Since you are required to slow down to make a cuppa, you might as well make an art form out of it.  Oh, wait, that’s already been done:

Okay, so maybe you don’t want to slow down that much. Here is a another way to make it:   How to Make the Perfect Cup of Tea

ljgloyd (c) 2017


Omelettes, Et Cetera

It is my opinion that if you master just these five recipes, you can properly entertain others and  feed yourself without becoming bored with your own cooking.

Omelettes.  Learn how to make a proper plain omelette, and you can make a number of main dishes just by varying the “innards”– cheese, vegetables, meats, anything.  Also, by understanding the omelette, you can dumb it down to simple scrambled eggs or fancy it up to a frittata.

Roast chicken.  If you can properly roast a chicken, you can apply the same knowledge to turkey or duck.  Thanksgiving dinner won’t be the scary thing it has become to some if you can master a chicken.

Boeuf Bourguignon.  Learning to braise a meat in a liquid will set you up to make all kinds of stews and chilies.

Marinara Sauce.  Master this and you have mastered all manner of pizza and pasta dishes.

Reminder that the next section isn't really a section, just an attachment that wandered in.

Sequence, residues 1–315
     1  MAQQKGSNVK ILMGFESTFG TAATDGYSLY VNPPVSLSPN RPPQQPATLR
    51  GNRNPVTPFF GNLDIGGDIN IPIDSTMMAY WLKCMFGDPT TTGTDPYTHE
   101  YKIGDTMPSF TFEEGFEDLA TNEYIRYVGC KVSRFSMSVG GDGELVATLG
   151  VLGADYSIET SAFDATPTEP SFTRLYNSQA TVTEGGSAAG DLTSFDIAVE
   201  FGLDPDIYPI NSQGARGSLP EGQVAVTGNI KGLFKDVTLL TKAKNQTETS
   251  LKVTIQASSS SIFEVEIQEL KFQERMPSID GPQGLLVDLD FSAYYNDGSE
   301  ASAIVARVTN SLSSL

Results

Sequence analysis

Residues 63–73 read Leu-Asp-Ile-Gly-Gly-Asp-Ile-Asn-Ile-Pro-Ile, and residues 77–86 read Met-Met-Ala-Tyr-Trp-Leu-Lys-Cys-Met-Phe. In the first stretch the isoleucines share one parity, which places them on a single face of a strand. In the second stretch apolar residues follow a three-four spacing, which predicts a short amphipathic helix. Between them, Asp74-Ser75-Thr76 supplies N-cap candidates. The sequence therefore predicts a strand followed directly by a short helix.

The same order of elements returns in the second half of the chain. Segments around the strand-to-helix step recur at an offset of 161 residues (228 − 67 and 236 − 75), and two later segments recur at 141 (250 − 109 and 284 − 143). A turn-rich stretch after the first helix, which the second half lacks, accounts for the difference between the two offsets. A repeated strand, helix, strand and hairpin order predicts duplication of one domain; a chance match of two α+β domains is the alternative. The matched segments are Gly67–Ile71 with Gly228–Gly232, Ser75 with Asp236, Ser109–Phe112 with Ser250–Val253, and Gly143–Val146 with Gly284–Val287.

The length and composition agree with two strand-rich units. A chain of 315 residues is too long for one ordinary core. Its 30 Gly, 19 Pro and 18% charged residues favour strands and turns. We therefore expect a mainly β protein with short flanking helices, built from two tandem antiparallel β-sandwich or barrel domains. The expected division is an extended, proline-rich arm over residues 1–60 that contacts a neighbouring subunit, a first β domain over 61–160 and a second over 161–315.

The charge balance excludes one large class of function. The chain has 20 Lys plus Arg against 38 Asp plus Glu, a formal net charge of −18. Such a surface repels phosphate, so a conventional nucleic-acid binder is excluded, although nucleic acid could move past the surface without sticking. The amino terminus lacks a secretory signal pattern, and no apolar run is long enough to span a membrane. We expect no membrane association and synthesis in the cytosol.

Apple Pie.  A tender, flaky pastry can be parlayed into many sweet and savory goodies:  summer fruit tarts, pumpkin or sweet potato pie, chicken pot pies, and meat-filled pasties and turnovers.

You don’t need to learn a huge repertoire of dishes.  Just take the time to master a few.




Feasting and Fellowship

No matter if our ancient ancestors were gathered around a campfire on some game-laden savanna, or if we are seated around a finely laid out and festooned table of crystal, silver and fresh flower centerpieces, we are bound together across time and space with the notion that food is best shared with friends, families, and especially strangers. In this age of social media, let us not forget how to forge relationships through the fine art of conversation over a well cooked meal.

Try this on someone:


Chicken with apricot mustard glaze

Preheat the oven 425F.  Line a baking dish with foil.  Wash and dry 4 large chicken thighs, skin on.  Coat the chicken with olive oil.  Salt and pepper the chicken pieces to taste. Set aside.

In a small bowl mix together 1/2 cup of apricot jam, a tablespoon of grainy Dijon mustard, and a tablespoon of honey. When thoroughly blended, coat all sides of the chicken pieces with the glaze. Place the chicken in the baking dish and bake uncovered for about 30 minutes. Test the chicken pieces with a thermometer. If they read 175F it is done. If not, return to oven for another 10 minutes.

When finished, remove the chicken from the dish and drain the drippings into a sauce pan. Add a tablespoon of butter and heat on low, whisking the sauce until the butter melts. Serve as a sauce for the chicken or a side of steamed rice.